By Kevin Zhang
On Saturday, February 13th, the Senate voted to acquit Donald Trump of his role in influencing the January 6th insurrection at Capitol Hill. They voted on whether Trump had been “willfully inciting violence against the Government of the United States.”
Every Democrat in the Senate voted to find him guilty, and they were joined by 7 GOP Senators, for a total of 57 votes, falling 10 votes short of the two-thirds majority needed to impeach a president.
The vote occurred five weeks after the attack on the Capitol Hill on Jan. 6, when a pro-Trump stormed the government building in an effort to stop the counting of President Biden’s Electoral College win. One week later, the Democrat-led House moved to impeach Trump one week later, supported by 10 Republicans.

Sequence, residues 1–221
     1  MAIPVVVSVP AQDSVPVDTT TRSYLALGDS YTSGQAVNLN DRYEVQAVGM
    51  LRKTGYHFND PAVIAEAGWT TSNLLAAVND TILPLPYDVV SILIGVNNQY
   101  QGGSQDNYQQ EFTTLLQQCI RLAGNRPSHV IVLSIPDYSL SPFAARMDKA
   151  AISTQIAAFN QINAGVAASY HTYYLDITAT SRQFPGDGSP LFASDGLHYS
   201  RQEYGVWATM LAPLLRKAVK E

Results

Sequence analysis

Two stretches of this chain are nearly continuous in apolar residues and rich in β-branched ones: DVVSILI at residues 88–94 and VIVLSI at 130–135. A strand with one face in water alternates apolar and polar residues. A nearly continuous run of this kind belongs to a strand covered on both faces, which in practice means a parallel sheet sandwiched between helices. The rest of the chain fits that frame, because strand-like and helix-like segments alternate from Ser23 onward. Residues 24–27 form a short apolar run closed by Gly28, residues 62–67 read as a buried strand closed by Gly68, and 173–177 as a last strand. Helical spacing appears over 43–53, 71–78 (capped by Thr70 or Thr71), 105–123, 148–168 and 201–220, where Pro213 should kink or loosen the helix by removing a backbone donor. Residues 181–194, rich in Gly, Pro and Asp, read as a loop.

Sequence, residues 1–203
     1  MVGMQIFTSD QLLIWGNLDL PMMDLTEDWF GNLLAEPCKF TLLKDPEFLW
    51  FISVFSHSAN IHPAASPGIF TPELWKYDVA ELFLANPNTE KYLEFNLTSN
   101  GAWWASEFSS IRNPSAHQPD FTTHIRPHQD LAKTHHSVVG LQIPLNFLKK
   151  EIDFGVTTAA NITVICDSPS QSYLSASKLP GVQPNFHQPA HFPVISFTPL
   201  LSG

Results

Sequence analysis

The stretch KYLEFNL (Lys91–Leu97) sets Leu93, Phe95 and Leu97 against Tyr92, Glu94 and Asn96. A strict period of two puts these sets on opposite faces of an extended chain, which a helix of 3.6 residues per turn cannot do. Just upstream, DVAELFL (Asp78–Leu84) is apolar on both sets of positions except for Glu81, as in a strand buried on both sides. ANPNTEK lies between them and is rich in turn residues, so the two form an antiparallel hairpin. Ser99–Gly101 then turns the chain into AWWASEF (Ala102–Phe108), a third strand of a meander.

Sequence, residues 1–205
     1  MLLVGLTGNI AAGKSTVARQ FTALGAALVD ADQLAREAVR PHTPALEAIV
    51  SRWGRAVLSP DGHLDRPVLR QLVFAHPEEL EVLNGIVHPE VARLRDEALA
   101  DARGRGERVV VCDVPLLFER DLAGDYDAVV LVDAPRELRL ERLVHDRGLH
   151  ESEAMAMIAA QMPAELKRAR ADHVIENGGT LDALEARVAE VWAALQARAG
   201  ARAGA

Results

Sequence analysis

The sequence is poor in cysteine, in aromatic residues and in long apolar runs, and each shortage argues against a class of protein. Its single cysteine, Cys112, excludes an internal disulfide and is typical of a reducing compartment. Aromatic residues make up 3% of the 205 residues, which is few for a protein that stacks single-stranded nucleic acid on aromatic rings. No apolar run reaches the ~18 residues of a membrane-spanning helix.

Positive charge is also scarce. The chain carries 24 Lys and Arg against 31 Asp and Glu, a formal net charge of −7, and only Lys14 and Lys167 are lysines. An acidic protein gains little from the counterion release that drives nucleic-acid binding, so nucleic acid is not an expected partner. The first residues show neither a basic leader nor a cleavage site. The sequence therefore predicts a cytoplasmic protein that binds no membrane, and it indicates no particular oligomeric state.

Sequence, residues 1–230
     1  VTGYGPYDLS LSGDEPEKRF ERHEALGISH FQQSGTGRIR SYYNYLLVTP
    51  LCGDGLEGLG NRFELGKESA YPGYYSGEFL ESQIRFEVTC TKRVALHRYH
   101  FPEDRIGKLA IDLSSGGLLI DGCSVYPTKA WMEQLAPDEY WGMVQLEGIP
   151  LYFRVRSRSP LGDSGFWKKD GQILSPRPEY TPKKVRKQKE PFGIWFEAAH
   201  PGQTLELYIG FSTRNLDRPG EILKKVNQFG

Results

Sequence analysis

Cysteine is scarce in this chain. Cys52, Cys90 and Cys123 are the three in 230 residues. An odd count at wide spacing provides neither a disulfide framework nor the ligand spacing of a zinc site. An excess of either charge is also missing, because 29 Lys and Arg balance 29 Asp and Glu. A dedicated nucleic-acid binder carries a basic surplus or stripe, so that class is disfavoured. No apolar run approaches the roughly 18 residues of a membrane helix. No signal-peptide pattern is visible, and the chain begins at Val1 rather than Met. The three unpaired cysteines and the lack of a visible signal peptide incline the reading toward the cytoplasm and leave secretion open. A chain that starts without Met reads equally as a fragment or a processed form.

Trump is the only president to go through the impeachment process twice and the first to face a trial after leaving office.
Democrats warned that if Republicans didn’t help convict Trump, it would set a dangerous new precedent that a president couldn’t be held accountable during the final weeks of an administration. Trump was invited by House impeachment managers to testify, but the demand was rejected by his lawyers.
Even though many Republicans have distanced themselves from Trump, he retains a strong hold on part of the base, including voters GOP senators need to hold on to if they want to win back the House or Senate in 2022. And Democrats acknowledged that they were far short of needing the 17 Republican votes needed to convict.
But Republicans have warned that the Capitol attack will tarnish Trump’s legacy as President, and several key Republicans signaled throughout the trial that they had deep questions about what the president knew about the Capitol attack and when he knew it.
“The real issue is what was the president’s intent, right?” said Sen. Bill Cassidy (R-La.). “Only the president could answer that, and the president chose not to testify.”